In holding up the centrality of love, Paul gives us a very important standard: Love seeks the best interest of the loved one. While a dream vacation may say “love” to your family, as Mrs. Peterson maintained, over the long haul what says love — or fails to — much more loudly is how much time you spend talking and listening over the dinner table. Let’s not let appearance get in the way of substance. There are many ways to have fun together as a family, many ways to give good gifts. And few gifts could be better than the example of living well within our means and giving our children the skills, they need to do likewise. Indeed, failing to do this can actively harm them. When you are contemplating how, and how much, to spend, think carefully about what the most genuinely loving and helpful course might be. Pray over it. Your decision might surprise you.

It has never been more important to make the effort to think carefully about this. Our culture is not going to help us; we are constantly encouraged to spend uncritically, as if there were not tomorrow. But our faith tells us that we are stewards, managing the earth and its resources — including our money — on God’s behalf.6 And if we are administering on God’s behalf, then we need to reflect both realistically and prayerfully on how we can best deploy our resources in the name of the highest good.


I know that many people find budgeting a pain. One person described the time, thought and discipline required as “soul sucking.”7 But you need a plan. It doesn’t have to be the Encyclopedia Britannica of finance; it just must represent what you need to do and want to do and how you expect to do it. You start by sitting down and talking over with your nearest and dearest what your needs and wants are going to be: You must live, obviously, and you’d like to redo the bathroom, pay for the kids’ education, and live on something other than dog food when you’re 85. Write it all down. Then think about what risks you may face, like unexpected medical expenses or unemployment, and how you want to hedge against them. Then you look at what resources you have, and develop a plan based on those realities. To make it even easier, most banks have financial planners who can help you.


A financial planner can also help you figure out what to do if you’re already in over your head. There is no quick, easy, or pain-free way to get out of debt — nor, for that matter, to avoid getting into debt in the first place. But it is possible. And help is out there.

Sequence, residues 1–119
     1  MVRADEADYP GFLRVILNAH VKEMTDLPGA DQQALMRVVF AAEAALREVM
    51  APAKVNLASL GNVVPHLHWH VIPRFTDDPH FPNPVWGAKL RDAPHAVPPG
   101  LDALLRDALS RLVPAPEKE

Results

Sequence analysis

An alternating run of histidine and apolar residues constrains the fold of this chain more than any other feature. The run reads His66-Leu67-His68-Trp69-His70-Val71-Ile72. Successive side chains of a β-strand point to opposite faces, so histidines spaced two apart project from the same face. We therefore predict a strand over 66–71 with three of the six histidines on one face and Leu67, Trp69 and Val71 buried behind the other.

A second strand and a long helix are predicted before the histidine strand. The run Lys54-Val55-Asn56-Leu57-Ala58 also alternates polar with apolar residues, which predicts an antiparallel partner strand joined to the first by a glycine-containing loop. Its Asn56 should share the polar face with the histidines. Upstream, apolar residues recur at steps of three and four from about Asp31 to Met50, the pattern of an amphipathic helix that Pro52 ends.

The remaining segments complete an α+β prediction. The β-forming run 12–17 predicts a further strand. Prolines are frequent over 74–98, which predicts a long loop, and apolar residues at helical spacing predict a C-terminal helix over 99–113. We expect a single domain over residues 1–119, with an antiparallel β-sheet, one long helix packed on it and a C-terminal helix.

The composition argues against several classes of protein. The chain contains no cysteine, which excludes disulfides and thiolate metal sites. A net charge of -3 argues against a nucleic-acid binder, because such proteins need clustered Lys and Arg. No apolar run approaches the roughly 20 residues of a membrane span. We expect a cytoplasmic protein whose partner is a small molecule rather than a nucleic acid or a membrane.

“Owe no one anything” can sound like a pipe dream. But it isn’t. The God who liberated the slaves from Egypt, who liberated all of us from our debt to sin, will support you in your efforts to live in the liberty of love financially, too. There’s no going back and undoing the past; no one can make a brand-new start. But anyone can start from now and make a brand-new ending. May God bless you in your financial faithfulness.

• Your Money or Your Life, by Joe Dominguez and Vicki Robin

• The Total Money Makeover, by Dave Ramsey

• On My Own Two Feet, by Manisha Thakor (personal finance for young women)

• www.getrichslowly.org/blog/2007/12/03/free-at-last-saying-good-bye-to-20-years-of-debt/ (inspiring story and sound advice)

• www.creditcards.com (library of articles, including a series on getting out of credit card debt)

1 Lee Hoffman, Joneil Adriano and Jessica Hornig, “Digging out of Debt,” January 19, 2007, abcnews.go.com/2020/Story?id=2804927&page=1.

2 Hoffman et. al.

3 Mark Zandi, quoted by Barbara Hagenbaugh, “Consumer debt loads at record,” Managing Your Money, March 18, 2004, www.usatoday.com/money/perfi/general/2004-03-17-debtcover_x.html.

4 Quoted by Joanne Laurier, “U.S. consumer debt reaches record levels,” January 15, 2004, www.wsws.org/articles/2004/jan2004/debt-j15.shtml.

5 Laurier.

6 Genesis 1:28

7 “Chris,” Response #8 to “Free at Last! Saying Good-Bye to 20 Years of Debt,” by. “J.D.” on December 3, 2007, www.getrichslowly.org/blog/2007/12/03/free-at-last-saying-good-bye-to-20-years-of-debt/.